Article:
Starting off with small stalk sets an amicable tone and puts the SME at ease. Tell you subject manager expert your purpose and goals. Ask them if they agree that those goals can be achieved in the timeframe. Then, ask them about their stories, the challenges they face at work and how they overpassed them, and their successes. Listen carefully to your SME's and ask questions. The more involved your SME is in the development process, the best your elearning courses will be.

2. Identify the audience

In order to build engaging courses and achieve your learning goals, it's crucial that  both you and the SME know who your audience is. Keeping the audience in mind will help you identify necessary content and choose appropriate teaching strategies.

3. Determine course purpose

Rationale is the reason we are writing this course. The rationale will tell you why learners are taking the course, why the course needs to exist and how it will improve learners' lives.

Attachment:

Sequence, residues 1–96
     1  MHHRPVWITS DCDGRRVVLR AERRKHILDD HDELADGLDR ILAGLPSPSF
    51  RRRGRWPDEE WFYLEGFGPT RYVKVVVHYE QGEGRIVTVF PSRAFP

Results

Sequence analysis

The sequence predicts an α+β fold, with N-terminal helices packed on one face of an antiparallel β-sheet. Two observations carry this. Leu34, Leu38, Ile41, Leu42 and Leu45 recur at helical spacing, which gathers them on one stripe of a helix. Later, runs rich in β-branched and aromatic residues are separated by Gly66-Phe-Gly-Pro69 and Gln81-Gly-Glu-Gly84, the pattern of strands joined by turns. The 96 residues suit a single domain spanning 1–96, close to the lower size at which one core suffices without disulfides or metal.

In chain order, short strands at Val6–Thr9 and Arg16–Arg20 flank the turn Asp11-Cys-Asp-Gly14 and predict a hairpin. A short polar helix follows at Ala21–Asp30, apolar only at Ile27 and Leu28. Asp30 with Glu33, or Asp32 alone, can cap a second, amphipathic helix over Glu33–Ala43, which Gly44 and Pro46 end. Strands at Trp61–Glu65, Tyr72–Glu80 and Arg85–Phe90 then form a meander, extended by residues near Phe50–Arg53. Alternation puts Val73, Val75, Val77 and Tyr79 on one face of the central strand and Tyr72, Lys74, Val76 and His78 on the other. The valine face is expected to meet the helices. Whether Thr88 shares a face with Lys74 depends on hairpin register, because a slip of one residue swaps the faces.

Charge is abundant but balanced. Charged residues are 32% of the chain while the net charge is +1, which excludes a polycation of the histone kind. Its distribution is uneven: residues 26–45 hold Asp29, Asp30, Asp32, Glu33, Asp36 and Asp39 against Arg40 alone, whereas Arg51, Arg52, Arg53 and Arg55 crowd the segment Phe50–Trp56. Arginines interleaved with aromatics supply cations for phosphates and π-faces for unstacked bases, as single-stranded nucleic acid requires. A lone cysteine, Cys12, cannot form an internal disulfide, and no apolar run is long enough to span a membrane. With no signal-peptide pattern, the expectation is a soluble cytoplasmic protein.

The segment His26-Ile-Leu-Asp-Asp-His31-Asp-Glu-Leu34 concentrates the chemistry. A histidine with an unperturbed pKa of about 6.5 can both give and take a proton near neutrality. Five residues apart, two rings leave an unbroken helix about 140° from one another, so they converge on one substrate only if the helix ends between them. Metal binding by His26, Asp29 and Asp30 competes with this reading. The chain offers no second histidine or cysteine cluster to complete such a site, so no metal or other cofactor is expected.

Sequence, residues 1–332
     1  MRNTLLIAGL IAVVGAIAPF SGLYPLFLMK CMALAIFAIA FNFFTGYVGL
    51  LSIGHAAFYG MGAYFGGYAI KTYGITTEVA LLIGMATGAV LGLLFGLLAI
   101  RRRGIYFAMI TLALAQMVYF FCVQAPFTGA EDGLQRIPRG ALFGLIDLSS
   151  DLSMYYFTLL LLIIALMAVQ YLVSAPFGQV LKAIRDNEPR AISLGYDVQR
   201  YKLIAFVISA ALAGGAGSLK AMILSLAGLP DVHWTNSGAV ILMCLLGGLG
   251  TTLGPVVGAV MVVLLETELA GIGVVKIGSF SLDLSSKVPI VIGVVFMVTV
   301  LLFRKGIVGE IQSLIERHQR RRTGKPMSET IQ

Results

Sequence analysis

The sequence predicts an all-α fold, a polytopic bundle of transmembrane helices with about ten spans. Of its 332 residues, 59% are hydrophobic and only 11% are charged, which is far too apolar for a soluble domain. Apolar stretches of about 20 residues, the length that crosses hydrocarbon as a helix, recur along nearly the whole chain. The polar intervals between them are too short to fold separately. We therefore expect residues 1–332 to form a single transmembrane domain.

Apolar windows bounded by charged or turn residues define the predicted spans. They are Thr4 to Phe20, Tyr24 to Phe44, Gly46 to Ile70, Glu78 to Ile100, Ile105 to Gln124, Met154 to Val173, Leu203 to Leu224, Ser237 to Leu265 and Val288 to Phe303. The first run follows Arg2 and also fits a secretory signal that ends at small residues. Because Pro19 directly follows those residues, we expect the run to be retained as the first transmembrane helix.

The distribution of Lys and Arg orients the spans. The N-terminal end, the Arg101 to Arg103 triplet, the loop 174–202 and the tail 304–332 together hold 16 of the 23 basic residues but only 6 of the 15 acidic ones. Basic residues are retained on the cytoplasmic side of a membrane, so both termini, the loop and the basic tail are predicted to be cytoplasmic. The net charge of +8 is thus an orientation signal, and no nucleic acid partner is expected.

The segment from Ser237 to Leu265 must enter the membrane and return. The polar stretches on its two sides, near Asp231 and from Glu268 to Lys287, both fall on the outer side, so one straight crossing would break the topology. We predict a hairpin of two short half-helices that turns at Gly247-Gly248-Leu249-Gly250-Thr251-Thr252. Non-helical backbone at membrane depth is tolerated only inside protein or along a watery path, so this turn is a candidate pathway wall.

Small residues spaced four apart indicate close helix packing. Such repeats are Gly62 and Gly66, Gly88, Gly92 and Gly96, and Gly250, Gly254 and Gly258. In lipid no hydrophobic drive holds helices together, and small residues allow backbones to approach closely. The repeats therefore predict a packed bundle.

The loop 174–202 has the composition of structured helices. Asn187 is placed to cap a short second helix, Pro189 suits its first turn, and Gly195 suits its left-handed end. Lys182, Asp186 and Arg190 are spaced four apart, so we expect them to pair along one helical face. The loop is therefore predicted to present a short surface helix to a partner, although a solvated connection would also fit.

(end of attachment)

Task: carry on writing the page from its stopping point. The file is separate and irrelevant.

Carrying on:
4. Develop Learning Objectives

A learning objective is a description of a performance or skill your want learners to achieve to become competent. Without clear learning objectives, it's impossible to build your content and generate assessments.

Objectives form the foundation of instructional material. They determine what needs to be learned and how learning is evaluated, providing focus and purpose for the course. They are also key to avoiding scope creep. So, work with the SME to develop learning objectives.

According to Robert MagerMager, R.F. (1984). Preparing instructional objectives, a learning objective should include three things:

  • Performance (what learners must be able to DO or Perform)

  • Condition (in which the learner must complete the performance).

  • Criteria (identifies how the learner is evaluated or how well the learners must perform).

5. Set Design expectations

This might seem like an odd question since SMEs aren't responsible for design, but they may make a valuable contribution. At the same time, asking can help identify any pre-existing ideas the SME might have. It's next to impossible to work with a SME who has an entrenched idea of how a course should work when you're going in a different direction.  Identifying your SME's expectations is the first step to managing them.